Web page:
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In April, global stock indices showed slow growth with low volatility. At the very end of the month, the S&P 500 index reached 4219 points mark, facilitated by expectations of continued supportive monetary and fiscal policies from central banks and governments. Fed officials confirmed they will continue to use all available instruments to support the economy and bond buybacks under the QE program will continue at the current volumes at least.
US economy is experiencing a boom in demand owing to the White House’s massive $1.9 trillion pandemic relief package. Also, US private payrolls surged by 742 000 jobs last month – the most in seven months, as companies rushed to boost production. The acceleration in hiring was seen across the board, with leisure and hospitality sector adding 237 000 jobs. Manufacturers hired 55 000 workers and construction sector added another 41 000 jobs.
Eurozone factory activity growth surged to a record high in April boosted by increasing demand. French manufacturing growth eased a little from March’s peak as bottlenecks weighed on the recovery, but Italian factory activity grew at its fastest rate on record. The German economy contracted by 1.7% in the first quarter with lockdown in place since November. The Eurozone economy shrank less than expected in the first three months of the year – preliminary data showed a 0.6% quarter-on-quarter contraction for a 1.8% year-on-year fall. This put the single currency area in a technical recession after a 0.7% quarterly GDP fall in the last quarter of 2020.
China’s factory activity and non-manufacturing growth slowed and missed April forecasts as supply bottlenecks and rising costs weighed on production. China’s trade surplus is expected to surpass $28 billion in April, following a surplus of $13.8 billion in March. In order to boost domestic consumption China will launch a series of activities in May, including consumer goods Expo, a car show and other events as well as e-commerce platform sales.
Last month with US dollar breakout, we pointed at the strong support area of 1.1690-1.1650 for the EUR/USD pair. All that the dollar could do before bouncing off that support area was to hit a 1.1707 point and give back more than 400-points in April. Obviously, 1.16-1.17 region is of critical importance since it keeps higher-highs and higher-lows sequence intact from the lows of 1.07. We keep an eye on 1.2250 resistance level for more upside potential (and possible attack on 1.2500). In case 1.2250 is respected, we expect another attempt to attack 1.16-1.17 support region.
Both gold and silver took back some of the lost ground in April. Attention was off the precious metals complex since crypto assets made headlines last month. Silver bounced off the 24 dollars per troy ounce level, confirming our general idea to accumulate silver in XAG/USD 22-24 area. Overall, silver stays in large consolidation area between USD 21 and 30 per ounce, which was tested twice already. It is very possible that next test attempt will be rejected too, but when it finally goes the silver should easily rally to XAG/USD 40 level. Gold also turned higher and keeps on “accumulating energy”.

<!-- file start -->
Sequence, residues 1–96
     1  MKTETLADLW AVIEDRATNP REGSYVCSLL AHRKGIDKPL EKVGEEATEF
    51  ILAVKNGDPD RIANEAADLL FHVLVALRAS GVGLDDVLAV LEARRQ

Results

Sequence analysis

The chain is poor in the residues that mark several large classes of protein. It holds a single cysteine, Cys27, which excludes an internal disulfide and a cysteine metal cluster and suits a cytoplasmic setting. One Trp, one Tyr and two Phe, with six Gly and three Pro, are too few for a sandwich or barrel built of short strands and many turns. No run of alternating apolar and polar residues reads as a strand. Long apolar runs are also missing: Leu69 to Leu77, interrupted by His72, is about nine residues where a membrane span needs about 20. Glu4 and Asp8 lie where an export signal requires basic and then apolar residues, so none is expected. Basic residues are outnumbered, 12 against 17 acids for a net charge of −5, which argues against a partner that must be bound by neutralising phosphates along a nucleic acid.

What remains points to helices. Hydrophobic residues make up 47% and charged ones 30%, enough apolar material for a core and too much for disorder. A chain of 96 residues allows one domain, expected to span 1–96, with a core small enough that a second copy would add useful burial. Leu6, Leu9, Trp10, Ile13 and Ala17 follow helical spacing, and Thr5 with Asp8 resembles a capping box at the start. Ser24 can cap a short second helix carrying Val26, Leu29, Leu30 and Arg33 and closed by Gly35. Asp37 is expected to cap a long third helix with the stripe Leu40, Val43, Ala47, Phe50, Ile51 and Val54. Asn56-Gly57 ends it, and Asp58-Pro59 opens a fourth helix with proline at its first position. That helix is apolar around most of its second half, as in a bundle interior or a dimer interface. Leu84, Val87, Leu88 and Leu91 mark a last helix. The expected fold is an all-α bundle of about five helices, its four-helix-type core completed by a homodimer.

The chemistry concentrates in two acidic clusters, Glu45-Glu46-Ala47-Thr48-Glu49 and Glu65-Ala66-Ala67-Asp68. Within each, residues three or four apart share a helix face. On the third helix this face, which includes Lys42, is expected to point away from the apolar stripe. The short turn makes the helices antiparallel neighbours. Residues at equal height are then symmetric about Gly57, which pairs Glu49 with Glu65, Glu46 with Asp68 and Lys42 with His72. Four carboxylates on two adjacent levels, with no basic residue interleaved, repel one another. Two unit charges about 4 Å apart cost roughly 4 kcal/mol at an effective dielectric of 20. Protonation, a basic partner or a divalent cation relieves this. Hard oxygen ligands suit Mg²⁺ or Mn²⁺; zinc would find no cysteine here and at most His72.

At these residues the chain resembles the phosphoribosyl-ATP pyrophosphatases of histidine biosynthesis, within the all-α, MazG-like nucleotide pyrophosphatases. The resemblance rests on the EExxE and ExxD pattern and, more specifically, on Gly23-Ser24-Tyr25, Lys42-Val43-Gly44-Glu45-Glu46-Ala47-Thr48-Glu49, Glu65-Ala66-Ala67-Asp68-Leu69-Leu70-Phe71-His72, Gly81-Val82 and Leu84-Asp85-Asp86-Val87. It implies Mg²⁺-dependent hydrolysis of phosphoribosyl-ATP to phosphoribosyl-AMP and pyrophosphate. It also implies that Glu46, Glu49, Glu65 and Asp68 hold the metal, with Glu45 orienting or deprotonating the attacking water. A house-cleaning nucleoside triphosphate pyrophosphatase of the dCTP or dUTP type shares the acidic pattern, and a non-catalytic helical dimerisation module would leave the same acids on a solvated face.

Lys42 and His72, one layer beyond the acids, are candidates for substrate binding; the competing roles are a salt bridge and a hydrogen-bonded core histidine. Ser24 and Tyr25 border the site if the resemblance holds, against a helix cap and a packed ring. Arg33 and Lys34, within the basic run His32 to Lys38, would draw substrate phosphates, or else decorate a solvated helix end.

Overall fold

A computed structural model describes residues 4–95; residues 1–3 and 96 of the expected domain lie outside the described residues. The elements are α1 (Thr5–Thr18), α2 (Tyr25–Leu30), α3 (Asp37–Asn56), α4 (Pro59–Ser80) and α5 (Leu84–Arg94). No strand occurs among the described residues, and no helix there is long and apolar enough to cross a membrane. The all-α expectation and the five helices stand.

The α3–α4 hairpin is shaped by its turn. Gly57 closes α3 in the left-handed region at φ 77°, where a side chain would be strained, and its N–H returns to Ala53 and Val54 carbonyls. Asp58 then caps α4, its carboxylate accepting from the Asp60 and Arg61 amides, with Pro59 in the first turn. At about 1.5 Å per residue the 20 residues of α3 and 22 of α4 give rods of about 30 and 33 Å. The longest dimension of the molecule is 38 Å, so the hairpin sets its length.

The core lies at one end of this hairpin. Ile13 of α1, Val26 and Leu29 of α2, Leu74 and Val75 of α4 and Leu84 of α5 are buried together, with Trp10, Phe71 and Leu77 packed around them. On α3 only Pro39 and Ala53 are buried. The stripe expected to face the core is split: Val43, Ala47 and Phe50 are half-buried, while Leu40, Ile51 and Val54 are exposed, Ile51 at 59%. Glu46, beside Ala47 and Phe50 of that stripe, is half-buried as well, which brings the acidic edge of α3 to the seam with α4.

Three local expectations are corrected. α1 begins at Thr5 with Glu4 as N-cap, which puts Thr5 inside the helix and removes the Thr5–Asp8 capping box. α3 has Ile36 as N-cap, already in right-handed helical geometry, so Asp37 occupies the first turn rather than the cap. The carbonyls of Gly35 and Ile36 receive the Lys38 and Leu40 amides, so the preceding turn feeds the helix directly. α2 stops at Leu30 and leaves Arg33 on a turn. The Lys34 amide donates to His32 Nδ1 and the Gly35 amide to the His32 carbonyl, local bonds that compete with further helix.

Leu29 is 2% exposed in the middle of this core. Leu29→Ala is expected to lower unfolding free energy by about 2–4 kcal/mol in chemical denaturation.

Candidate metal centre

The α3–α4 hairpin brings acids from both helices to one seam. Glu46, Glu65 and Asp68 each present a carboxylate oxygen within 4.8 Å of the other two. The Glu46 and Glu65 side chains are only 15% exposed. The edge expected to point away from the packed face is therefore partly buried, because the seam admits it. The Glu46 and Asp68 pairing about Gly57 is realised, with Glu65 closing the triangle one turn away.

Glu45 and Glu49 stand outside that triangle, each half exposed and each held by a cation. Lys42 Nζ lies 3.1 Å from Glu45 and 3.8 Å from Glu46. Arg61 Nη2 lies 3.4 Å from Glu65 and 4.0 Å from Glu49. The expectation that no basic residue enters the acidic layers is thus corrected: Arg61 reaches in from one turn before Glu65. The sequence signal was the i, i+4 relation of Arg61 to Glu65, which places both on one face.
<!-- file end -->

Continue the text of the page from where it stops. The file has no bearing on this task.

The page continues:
Yields and inflation are in focus for the last couple of months. US 10-year Treasury yield managed to decline for the first month this year, reaching 1.62% by the end of April. Meanwhile government yields in Europe continued to rise. We thought it was time to look at what was and is happening to other popular commodities (in addition to precious metals and oil). Results made us a bit uneasy. Most of commodities we checked at least doubled in price over the last 12 months. Many of those are at their previous highs and might be considered “expensive” (soybean, for example). Some graphs even resemble crypto madness. We found our own 3-year-old chart for prices of wheat, and though “the angle” is not precise, overall price action followed our idea. Sugar looks “nicest” in terms of possible upside potential. Inflation is clearly visible in commodity prices, bond yields so far reacted as they should have reacted, while stock indices are close to record highs with barely any reaction to the inflation scare. Can such a setup stay for much longer?
The risk of a technical correction, when the market is fundamentally overbought increases. A decline closer to the 3900-4000 levels in the S&P 500 would be a perfectly healthy market move; the question is whether we will see this in the very near future or at first the index will climb even higher, for example, to 4400-4450 points region.
Among the negative factors for the market is Joe Biden’s plan to raise taxes for the rich to 39.6%, which could increase the country’s treasury revenues by $ 1 trillion. In addition, on April 30, President of the Federal Reserve Bank of Dallas Robert Kaplan said that the Fed should begin discussions on cutting monthly asset purchases in the amount of $ 120 billion. Kaplan also warned of imbalances in the US financial markets and suggested that the economy would meet the criteria set by the Fed for reducing bond purchases earlier than he expected. Already in early May, the head of the Treasury Janet Yellen hinted that it is worth considering a minimum increase in base rates in the near future, while companies should “help” in the efforts of the state with their tax payments. On the other hand, the Federal Reserve chairman announced that inflation is expected to be transitory and was very careful not to make even the slightest suggestion of a taper of government bond purchases. The message is clear – the Fed is fine with its current monetary policy and does not want to make any sudden moves this year.